Using a risk-based approach to combat money laundering and terrorist financing
South Africa - De Rebus
As accountable institutions listed in sch 1 of the Financial Intelligence Centre Act 38 of 2001 (FIC Act), legal practitioners are required to apply a risk-based approach when establishing a business relationship and/or conducting a single transaction with a client.
This requirement aligns with the Financial Action Task Force (FATF), which sets international standards on combating money laundering and terrorist financing.
The application of a risk-based approach – when implementing controls –
allows a legal practitioner to mitigate money laundering and terrorist financing. Controls put in place by legal practitioners must be in proportion to the risks they identify. To comply with the requirement of applying a risk-based approach, legal practitioners must identify, assess, monitor, mitigate and manage the risk that their products and/or services may be abused by criminals for money laundering and/or terrorist financing.
Rescue plans for struggling Sectional Title schemes
South Africa - Property360
With changing lifestyles and affordability constraints prompting increasing numbers of home buyers and investors to opt for apartments and townhouses rather than freehold homes.
“Sadly, though, the number of sectional title (ST) schemes that are struggling to stay solvent is also rising rapidly, and owners in those schemes are at risk of losing their investments unless their trustees take swift action to remedy the situation, says Andrew Schaefer, MD of national property management company Trafalgar.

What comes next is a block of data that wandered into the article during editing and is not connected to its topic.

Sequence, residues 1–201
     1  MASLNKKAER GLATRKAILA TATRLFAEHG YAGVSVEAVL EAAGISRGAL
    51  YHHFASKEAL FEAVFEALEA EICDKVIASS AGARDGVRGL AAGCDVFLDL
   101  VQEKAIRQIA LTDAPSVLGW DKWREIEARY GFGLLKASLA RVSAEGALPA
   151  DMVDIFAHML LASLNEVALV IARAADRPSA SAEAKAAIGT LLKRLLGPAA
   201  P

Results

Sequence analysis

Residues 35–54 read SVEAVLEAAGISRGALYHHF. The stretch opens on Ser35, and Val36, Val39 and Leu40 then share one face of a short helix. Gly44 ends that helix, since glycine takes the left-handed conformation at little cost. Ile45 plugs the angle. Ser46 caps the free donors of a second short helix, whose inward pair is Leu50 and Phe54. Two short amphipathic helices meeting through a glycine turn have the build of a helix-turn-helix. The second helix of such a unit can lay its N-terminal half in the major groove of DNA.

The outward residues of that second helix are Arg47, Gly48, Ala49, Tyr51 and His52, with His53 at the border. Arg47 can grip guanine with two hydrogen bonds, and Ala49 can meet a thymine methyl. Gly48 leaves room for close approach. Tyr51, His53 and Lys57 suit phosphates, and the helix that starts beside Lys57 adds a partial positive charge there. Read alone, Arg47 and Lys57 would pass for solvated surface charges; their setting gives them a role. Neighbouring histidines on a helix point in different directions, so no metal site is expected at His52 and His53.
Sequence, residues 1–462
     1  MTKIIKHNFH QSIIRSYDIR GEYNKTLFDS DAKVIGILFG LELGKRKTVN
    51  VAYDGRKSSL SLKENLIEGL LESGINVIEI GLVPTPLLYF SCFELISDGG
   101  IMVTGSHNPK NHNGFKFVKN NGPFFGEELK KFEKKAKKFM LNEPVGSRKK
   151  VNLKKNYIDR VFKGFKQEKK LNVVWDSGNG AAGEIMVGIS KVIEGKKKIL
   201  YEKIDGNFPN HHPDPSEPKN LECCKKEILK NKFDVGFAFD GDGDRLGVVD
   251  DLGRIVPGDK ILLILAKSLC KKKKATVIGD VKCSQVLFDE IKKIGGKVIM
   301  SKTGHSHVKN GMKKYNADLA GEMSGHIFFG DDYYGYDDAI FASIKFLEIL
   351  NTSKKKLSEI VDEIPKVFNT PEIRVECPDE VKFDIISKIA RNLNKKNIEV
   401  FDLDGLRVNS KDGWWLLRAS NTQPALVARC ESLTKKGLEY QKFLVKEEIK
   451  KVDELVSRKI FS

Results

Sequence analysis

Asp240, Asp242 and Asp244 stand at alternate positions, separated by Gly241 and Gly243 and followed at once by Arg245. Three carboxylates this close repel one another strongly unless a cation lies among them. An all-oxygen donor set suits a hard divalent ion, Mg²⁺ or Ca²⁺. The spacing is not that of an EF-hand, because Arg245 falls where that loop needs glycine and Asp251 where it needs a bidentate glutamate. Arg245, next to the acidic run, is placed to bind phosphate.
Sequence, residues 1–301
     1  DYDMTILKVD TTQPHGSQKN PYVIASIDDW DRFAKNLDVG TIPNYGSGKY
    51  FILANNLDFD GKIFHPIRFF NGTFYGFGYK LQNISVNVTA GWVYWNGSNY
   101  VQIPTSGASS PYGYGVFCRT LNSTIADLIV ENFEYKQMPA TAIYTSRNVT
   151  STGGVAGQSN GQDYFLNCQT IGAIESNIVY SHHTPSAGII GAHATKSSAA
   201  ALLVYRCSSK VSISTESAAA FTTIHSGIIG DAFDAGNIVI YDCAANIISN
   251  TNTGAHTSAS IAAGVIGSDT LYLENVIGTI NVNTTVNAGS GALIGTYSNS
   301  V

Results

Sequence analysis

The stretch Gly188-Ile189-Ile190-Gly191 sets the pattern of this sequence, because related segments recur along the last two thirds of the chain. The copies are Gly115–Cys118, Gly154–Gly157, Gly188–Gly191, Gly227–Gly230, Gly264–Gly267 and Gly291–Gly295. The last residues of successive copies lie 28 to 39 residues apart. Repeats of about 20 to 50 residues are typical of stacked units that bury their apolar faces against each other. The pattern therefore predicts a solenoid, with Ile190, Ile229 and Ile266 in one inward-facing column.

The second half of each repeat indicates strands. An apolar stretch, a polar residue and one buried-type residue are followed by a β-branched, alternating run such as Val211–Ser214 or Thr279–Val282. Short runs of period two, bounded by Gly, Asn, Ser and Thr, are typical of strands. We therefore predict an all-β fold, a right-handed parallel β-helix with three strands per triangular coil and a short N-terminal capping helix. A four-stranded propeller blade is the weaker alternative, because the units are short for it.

ST schemes can get into financial difficulties for many reasons, the most common of which are the under-recovery of levies over a long period and the sudden receipt of a very large account for the actual rather than estimated consumption of municipal services such as electricity and water. Low emergency reserves and undetected overcharging by local authorities are also fairly common.
Technology will always win - video links and the courtroom of the future
South Africa - LexisNexis
Legal practitioners are creatures of tradition and certainty. They prefer all rules to be codified and all legislation to be clear. They yearn for certainty and frown upon ambiguity within contracts, laws and especially legal proceedings. Thus there is a call for the codification of video conferencing, through video links, within the Uniform Rules of Court. While there is widespread acceptance of video conferencing through video links within court proceedings reflected in South African case law, legislation and Court Rules need amending to facilitate a codified and structured method for practitioners to use video conferencing in court, instead of having to rely on precedents.
Precedents in South African case law
South African cases, such as MK v Transnet Ltd t/a Portnet and Randgold and Exploration Company Limited v Gold Fields Operations Limited and others, have already provided precedents for video conferences via video links and how they can operate and be effected within South African legal proceedings.
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